Also worth checking out is the 2013 documentary on Miyazaki’s life and his working process, The Kingdom of Dreams and Madness.

CASTcast 2015


The Cinematic Appreciation Society of Toronto returns for more drinking and merriment and incidental discussion on the highlights of 2015 in film. Dozens of film lovers in the Toronto area (including many contributors here at RowThree) submitted their top ten lists and the results were tallied into a consensus top ten.

Our hosts for this podcast gather around a round table (literally) and work their way through the list one at a time and spend a few minutes discussing the pros (and some cons) of each title. Though there was surprisingly little RowThree representation on the recording panel, our own Corey “Goon” Pierce contributes to the on-mic revelry.

Enjoy the listen!

Dave Voigt – In the Seats | @intheseats

Corey Pierce – Soundtrack of Your Life | @coreypierceart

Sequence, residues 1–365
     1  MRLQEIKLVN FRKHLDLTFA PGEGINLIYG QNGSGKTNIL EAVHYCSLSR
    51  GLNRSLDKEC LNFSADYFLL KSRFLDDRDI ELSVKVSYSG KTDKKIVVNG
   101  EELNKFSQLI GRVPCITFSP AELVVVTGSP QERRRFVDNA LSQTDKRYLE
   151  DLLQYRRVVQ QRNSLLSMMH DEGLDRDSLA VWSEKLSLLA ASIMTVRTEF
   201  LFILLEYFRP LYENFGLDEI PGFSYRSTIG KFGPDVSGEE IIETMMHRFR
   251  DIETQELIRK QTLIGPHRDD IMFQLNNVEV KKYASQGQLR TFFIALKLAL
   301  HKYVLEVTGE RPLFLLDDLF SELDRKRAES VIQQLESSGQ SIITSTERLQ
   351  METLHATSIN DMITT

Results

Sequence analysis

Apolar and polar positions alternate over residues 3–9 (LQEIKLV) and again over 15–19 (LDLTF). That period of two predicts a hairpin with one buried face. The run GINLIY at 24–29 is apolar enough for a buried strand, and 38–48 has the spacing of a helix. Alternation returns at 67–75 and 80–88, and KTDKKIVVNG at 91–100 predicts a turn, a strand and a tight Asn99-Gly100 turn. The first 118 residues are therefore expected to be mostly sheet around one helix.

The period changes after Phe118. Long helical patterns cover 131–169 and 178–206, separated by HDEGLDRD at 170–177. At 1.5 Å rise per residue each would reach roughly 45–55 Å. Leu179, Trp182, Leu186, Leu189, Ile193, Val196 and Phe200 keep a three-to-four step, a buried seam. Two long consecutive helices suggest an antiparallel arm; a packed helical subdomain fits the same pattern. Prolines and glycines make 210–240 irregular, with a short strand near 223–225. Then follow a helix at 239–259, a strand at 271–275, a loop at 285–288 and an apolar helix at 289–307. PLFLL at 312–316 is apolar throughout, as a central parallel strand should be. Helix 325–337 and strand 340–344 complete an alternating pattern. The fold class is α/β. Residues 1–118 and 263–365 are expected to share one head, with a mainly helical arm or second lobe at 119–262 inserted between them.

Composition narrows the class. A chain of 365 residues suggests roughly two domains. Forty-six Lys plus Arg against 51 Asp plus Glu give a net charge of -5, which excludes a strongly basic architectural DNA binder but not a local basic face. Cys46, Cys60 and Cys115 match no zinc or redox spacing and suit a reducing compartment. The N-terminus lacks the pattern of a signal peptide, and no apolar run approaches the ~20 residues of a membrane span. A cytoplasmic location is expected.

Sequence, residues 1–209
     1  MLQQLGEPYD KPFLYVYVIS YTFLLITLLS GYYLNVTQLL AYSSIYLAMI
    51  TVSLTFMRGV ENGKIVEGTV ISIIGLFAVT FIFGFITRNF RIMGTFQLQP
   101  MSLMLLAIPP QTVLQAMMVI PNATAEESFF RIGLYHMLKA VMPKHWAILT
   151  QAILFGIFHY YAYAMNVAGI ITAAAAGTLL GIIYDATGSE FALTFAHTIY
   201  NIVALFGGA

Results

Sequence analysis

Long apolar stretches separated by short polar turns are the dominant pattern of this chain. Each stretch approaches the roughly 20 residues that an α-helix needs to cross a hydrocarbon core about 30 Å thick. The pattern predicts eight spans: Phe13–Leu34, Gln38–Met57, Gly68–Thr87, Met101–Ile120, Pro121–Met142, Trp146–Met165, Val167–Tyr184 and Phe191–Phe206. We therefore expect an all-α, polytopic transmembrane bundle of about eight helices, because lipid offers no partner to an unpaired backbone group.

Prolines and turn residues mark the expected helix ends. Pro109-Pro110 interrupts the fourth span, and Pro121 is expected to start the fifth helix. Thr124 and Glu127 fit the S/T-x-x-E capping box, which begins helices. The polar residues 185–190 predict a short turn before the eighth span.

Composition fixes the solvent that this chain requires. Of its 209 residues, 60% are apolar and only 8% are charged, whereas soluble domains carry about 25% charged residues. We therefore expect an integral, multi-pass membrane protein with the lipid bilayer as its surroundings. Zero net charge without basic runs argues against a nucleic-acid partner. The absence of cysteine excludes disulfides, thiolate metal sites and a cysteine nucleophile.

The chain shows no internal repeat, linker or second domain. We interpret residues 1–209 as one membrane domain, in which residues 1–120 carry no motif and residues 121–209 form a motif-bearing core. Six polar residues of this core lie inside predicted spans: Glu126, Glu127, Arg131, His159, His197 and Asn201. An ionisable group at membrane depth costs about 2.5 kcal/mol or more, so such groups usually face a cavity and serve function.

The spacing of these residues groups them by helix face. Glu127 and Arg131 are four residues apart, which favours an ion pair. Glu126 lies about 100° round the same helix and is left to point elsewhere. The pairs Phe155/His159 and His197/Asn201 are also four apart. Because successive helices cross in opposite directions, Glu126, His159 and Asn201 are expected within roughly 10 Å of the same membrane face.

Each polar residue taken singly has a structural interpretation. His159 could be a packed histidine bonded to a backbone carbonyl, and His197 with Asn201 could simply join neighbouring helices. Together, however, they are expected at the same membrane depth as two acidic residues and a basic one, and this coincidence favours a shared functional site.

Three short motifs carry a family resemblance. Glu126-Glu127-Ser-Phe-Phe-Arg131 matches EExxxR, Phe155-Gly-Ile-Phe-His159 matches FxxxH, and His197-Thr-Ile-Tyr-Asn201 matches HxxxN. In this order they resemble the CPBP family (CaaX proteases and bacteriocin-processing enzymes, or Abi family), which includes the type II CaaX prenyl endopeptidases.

Hillary Butler – Live for Films | @petdochill

Ryan McNeil – The Matinee@matinee_ca

Corey Atad – @coreyatad

Norman McGlashan – Flick Hunter | @mcstay12

Jorge Castillo – Prairie Dog Magazine | @jicastillo

Heidi Morales – Hye’s Musing | @HeidyMo

James McNally – CAST organizer, Toronto Screen Shots@toscreenshots

Vilmos Zsigmond. 1930-2016

We are losing our legendary cinematographers at an alarming rate this early into the new year. Vilmos Zsigmond, master of the earth-toned palette, shooter of McCabe & Mrs. Miller, Deliverance, The Deer Hunter, Heaven’s Gate, Blow Out, The Sugarland Express, and Close Encounters of the Third Kind for which he won the Academy Award for cinematography has passed on January 1st.

The Guardian has more.



Friday One Sheet: Our Favourite Movie Posters of 2015

Each week in this column we highlight and discuss the design and details of movie posters in this column, this being the New Years Day holiday, and more about taking a day off than launching new things. Thus, going back through the last 52 weeks, in a not too objective, not overthinking it fashion, here is a list of 10 favourites.

10. Chi-Raq

9. Sicaro

8. Star Wars: The Force Awakens

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Hey Man, Nice Shot 2015